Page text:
Security is a top priority in hospitals, specifically with regards to patient records. Within the last decade, records have moved at an astounding pace from manilla folders to electronic databases, making record access much easier and significantly improving workflow. Unfortunately, techniques used to secure access to these records have not progressed at the same pace. Username and password combinations were long ago rendered obsolete by adept hackers, who have stolen large quantities of data from hospitals in the past. Two factor authentication systems were an improvement on the username and password combo, but only marginally. The shift to proximity cards as a means of access only slightly improved record security, as proximity cards all use the same generic card serial number. Therefore they still did not verify the authenticity of the user with 100 percent confidence.
Biometrics offer a definitive answer to the most important question in modern security: Who? In the case of a hospital, who is requesting access to these records? Fingerprint access is seeing adoption across the healthcare industry for dispensing medication, electronic prescriptions, and secure access to patient record systems. The ability of fingerprint biometrics to identify individual medical personnel with 100 percent certainty is an improvement in security of several orders of magnitude over username and password authentication, and even two factor authentication. Furthermore, authentication using fingerprint biometrics is fast, and doesn’t require staff to carry around a proximity card, which could be lost. With biometrics, workflow and security aren’t at odds with each other, in fact, they work together harmoniously.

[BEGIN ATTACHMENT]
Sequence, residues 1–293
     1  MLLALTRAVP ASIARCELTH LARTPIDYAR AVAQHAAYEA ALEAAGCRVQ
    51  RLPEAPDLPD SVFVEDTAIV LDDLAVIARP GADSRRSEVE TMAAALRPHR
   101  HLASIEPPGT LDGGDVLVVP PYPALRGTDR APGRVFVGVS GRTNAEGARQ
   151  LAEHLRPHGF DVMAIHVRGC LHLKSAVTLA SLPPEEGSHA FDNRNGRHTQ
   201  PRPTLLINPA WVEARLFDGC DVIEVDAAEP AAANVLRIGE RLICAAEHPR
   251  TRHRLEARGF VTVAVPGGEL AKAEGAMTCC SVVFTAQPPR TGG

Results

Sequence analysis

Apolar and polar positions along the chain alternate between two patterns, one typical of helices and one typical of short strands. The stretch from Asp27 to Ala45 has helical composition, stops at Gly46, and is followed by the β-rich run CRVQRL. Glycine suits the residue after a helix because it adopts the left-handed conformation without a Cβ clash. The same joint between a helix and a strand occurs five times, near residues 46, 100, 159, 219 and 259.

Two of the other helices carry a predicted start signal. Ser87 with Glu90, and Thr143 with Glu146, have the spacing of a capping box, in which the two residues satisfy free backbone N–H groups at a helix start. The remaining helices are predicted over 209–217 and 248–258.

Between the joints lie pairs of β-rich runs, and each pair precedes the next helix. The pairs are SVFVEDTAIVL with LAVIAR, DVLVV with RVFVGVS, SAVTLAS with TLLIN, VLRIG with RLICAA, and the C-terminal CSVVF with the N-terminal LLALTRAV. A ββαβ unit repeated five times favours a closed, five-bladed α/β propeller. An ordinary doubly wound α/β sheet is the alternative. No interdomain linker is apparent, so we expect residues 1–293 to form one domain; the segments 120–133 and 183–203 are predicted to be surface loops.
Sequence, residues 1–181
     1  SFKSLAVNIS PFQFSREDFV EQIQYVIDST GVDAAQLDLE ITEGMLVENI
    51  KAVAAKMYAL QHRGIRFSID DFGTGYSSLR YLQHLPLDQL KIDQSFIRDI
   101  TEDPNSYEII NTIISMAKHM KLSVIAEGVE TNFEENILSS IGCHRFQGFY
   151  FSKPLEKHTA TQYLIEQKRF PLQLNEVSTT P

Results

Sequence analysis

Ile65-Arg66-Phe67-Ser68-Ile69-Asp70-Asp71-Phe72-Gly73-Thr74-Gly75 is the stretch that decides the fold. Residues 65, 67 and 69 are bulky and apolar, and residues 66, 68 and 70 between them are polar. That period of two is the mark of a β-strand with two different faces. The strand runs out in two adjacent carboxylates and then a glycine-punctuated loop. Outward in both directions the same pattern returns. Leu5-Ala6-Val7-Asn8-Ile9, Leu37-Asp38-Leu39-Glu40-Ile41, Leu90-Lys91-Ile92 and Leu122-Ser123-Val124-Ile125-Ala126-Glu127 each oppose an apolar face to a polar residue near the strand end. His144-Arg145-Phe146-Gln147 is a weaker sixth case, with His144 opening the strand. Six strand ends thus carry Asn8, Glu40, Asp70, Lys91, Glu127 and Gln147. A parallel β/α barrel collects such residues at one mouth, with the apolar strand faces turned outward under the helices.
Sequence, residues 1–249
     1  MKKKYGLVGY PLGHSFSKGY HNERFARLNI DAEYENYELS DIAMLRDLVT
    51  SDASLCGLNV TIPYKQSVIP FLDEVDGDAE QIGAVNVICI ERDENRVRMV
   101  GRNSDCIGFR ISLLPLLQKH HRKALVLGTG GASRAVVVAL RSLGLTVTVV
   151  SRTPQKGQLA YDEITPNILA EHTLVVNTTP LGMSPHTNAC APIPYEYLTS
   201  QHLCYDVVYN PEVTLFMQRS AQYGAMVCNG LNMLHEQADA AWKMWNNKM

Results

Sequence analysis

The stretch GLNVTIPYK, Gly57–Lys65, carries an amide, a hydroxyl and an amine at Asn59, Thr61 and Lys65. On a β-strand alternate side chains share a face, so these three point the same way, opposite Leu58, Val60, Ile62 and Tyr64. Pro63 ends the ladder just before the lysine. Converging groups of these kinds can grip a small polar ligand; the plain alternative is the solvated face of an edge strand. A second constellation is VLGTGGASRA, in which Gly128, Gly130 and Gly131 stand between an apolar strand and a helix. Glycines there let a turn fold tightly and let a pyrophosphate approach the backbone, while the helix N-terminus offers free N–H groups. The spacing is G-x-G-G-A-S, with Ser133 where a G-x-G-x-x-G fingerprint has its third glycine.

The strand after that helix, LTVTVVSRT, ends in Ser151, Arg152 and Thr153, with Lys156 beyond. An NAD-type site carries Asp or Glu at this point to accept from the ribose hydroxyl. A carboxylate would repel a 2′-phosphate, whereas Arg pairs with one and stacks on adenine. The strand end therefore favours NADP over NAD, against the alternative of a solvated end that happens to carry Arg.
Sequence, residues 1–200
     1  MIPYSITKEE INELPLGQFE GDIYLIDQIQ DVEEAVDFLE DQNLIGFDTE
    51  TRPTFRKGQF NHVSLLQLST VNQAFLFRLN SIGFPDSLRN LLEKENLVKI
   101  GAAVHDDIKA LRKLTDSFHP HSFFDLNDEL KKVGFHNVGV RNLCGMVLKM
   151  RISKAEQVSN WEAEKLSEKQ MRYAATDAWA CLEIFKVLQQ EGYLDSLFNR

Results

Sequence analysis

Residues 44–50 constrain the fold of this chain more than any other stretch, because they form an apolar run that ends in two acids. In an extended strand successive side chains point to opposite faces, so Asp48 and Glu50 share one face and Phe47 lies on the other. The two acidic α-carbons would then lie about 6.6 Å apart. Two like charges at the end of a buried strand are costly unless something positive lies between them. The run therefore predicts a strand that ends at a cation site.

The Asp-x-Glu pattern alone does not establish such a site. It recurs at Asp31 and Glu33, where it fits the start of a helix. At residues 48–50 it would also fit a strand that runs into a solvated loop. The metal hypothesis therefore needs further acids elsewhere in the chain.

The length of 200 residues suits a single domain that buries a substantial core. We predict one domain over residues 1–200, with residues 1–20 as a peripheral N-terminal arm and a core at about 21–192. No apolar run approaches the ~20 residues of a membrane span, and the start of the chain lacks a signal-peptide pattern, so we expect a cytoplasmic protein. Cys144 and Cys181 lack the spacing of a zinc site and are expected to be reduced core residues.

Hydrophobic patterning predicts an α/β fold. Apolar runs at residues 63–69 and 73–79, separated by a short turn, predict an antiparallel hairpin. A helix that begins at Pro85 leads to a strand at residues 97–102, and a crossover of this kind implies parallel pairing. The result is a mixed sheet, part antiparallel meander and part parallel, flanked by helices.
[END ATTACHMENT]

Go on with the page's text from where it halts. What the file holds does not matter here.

The main criticism of fingerprint biometrics is that the ability of the system to verify a user’s authenticity is often degraded in a medical environment. Medical personnel frequently wash their hands and use alcohol-based hand sanitizers to maintain a sterile environment, which itself is often cool, bright, and dry. These factors can make it more difficult for the system to get an accurate reading of a fingerprint. To address these concerns, multispectral imaging has taken the place of conventional imaging in biometrics. In essence multispectral imaging “collects information about both the surface and sub-surface fingerprint to capture reliable data every time, regardless of whether a user’s finger is dry, wet, dirty, slightly rotated or difficult to capture.” With multispectral imaging, fingerprint biometrics are pointing toward a more secure and efficient hospital environment.
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